But Whatever Your Choice…​

British weather is temperamental. Sure, we get great summers here, but we can also get two weeks of rain in the middle of June. Prepare for the worst, and enjoy the best. Happy Hiking!

How long does it take to walk the West Highland Way?

The West Highland Way is one of Britains finest Backpacking treks, beginning just outside the beautiful city of Glasgow and finishing at the easy going seaside town of Fort William. The entire walk should be achievable in about a week providing that you are walking at a leisurely pace and are acclimatized to any other elements, such as weather conditions.

However I would like to make the point that there is no right, or wrong way to walk this route. Here are the differences in how to walk the West Highland Way.

The Slow Way

Slow travel is taking a huge quantum leap. 

For many walkers, and I dare say the majority, taking the route slow is becoming really popular, regardless of age.


Well it’s simple. You can sample all there is to sample along the route. By eliminating the huge daily mileage, you instantly free yourself up to enjoy the views, attractions, pubs and tea rooms available on route. 

One example of an easy itinerary is this one below, as adapted from Contours Walking Holidays

Travel to Milngavie
Day 1: Milngavie to Drymen – 12 miles / 19km
Day 2: Drymen to Balmaha – 6.5 miles / 10.5km
Day 3: Balmaha to Rowardennan – 7.5 miles / 12km
Day 4: Rowardennan to Inverarnan – 14 miles / 22km
Day 5: Inverarnan to Tyndrum – 13 miles  /21km
Day 6: Tyndrum to Inveroran – 10 miles  / 16km
Day 7: Inveroran to Kingshouse – 10 miles / 16km
Day 8: Kingshouse to Kinlochleven – 9 miles / 14.5km
Day 9: Kinlochleven to Fort William – 14 miles / 22km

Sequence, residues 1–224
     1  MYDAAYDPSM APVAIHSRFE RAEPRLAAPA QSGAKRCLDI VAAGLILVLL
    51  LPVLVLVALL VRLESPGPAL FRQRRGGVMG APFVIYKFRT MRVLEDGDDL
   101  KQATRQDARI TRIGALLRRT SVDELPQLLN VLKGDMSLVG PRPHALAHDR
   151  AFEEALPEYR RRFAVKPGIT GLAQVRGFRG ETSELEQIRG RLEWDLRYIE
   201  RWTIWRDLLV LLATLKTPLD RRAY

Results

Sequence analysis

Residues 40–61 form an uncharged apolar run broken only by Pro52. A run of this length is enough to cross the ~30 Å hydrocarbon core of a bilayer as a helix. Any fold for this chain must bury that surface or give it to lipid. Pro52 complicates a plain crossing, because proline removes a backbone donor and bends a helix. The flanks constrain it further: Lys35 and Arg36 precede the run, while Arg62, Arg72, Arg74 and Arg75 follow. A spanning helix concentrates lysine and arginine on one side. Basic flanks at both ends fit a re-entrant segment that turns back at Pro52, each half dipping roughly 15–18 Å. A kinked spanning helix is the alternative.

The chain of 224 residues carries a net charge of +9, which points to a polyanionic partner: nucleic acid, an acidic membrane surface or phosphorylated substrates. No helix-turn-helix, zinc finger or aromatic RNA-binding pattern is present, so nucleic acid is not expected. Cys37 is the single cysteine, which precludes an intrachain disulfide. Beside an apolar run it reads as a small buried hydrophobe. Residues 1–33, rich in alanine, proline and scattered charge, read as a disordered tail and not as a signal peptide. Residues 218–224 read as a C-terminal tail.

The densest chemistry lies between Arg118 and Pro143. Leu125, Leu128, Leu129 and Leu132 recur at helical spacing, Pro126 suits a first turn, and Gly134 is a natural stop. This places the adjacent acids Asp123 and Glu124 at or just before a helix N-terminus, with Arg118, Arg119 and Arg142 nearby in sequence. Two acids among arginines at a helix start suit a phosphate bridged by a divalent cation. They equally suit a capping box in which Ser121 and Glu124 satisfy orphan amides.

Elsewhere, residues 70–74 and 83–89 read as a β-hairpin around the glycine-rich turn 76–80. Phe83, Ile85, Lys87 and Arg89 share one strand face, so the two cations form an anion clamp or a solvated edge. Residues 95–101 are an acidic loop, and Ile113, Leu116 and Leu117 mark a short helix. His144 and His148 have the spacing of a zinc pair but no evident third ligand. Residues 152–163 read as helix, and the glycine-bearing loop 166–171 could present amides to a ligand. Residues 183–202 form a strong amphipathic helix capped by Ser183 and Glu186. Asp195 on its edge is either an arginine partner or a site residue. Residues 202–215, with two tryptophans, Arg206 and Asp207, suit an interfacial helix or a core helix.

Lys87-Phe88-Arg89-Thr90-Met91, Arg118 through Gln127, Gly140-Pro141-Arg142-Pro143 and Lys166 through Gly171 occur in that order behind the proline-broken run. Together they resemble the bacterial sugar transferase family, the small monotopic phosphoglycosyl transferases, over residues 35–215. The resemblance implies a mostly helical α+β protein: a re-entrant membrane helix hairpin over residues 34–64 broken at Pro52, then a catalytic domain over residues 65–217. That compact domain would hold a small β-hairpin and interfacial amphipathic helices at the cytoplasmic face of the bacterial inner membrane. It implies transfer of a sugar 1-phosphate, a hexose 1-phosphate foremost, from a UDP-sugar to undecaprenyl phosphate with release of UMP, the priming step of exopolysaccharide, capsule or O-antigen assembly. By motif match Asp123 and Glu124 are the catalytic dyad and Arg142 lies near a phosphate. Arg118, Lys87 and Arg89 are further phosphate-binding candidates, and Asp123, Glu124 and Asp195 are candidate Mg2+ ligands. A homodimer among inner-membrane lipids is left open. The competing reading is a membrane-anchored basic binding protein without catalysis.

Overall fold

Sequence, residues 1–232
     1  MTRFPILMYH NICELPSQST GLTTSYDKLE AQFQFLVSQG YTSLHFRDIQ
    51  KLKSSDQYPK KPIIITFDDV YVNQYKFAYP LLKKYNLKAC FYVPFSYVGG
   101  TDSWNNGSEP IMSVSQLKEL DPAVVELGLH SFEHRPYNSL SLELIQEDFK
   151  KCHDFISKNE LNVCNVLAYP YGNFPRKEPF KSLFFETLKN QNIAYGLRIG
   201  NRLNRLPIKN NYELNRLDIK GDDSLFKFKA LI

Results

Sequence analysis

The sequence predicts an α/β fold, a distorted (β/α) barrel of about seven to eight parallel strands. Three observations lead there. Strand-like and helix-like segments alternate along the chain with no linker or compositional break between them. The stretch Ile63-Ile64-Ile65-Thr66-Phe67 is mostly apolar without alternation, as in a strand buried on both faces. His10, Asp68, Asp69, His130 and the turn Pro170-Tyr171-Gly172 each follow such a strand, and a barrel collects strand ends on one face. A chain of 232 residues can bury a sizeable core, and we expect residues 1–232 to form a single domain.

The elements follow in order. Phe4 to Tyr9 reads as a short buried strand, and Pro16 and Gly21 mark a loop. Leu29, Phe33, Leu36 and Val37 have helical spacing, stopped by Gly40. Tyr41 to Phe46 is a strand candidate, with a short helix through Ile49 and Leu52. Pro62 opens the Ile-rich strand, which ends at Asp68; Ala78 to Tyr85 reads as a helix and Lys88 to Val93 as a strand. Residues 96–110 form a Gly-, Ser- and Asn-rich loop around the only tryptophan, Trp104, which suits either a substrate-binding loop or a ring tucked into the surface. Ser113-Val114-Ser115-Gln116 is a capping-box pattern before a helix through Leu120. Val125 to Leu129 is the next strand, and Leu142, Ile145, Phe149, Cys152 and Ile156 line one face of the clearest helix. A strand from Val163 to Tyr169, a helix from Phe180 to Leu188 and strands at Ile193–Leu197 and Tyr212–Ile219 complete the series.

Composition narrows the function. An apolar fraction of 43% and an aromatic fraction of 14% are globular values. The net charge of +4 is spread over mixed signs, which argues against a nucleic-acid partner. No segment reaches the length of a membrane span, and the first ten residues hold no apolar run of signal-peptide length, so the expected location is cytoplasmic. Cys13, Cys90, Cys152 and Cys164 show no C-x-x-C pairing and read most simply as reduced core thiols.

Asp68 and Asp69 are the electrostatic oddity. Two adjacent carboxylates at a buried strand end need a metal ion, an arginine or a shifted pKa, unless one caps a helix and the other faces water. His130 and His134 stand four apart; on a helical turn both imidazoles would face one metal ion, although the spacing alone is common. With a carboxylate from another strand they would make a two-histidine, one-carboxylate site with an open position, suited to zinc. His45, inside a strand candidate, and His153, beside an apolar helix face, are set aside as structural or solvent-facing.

Depart from Fort William

This itinerary, with an average daily milage of 10.6 is an ideal starting point a slow walk. 

Doing it in halfs

How long to walk the West Highland Way if you want to walk the West Highland Way but you don’t have 10 days spare? Well, It’s perfectly acceptable to walk the route in two halves. A good mid-way stopping point is Tyndrum which has two train stations giving you public transport back to the start. Moreover, a few of the luggage transfer companies offer returns to the start of the route for a reasonable price. 

Walking the West Highland Way really quickly 💨

Whether you enjoy a personal challenge, sponsored walk, trail run, or your just too damn hardcore and simply want to tick the trail off your list in a weekend (please write and let us know how you do!), there are itineraries to suit.

Personally, I feel there is no shame in enjoying the comfort of a B&B if you are walking/running/unicycling the route in 4 days. 

Either way, Hillwalk Tours offers an excellent option of routes, including a 4-day challenge hike from Inveroran to Fort William. There are other companies offering challenge hikes too, such as the West Highland Way Challenger, which offers walk support, or the West Highland Way Race

Really, it’s all about your personal ability.

Know your limits, and if you don’t take it easy.

So there you have it. How long to walk the West Highland Way. Be sure to pick a route based on your ability rather than feeling like you have to overachieve. Slow is great, so is fast. There really is no right or wrong way to walk the route. Know your limits, and if you don’t take it easy.

Walk or run the route happy rather than bent and broken, from biting off more than you can chew. 

If you would like some help booking your West Highland Way walk, perhaps take a look at our recommended businesses, and luggage transfer companies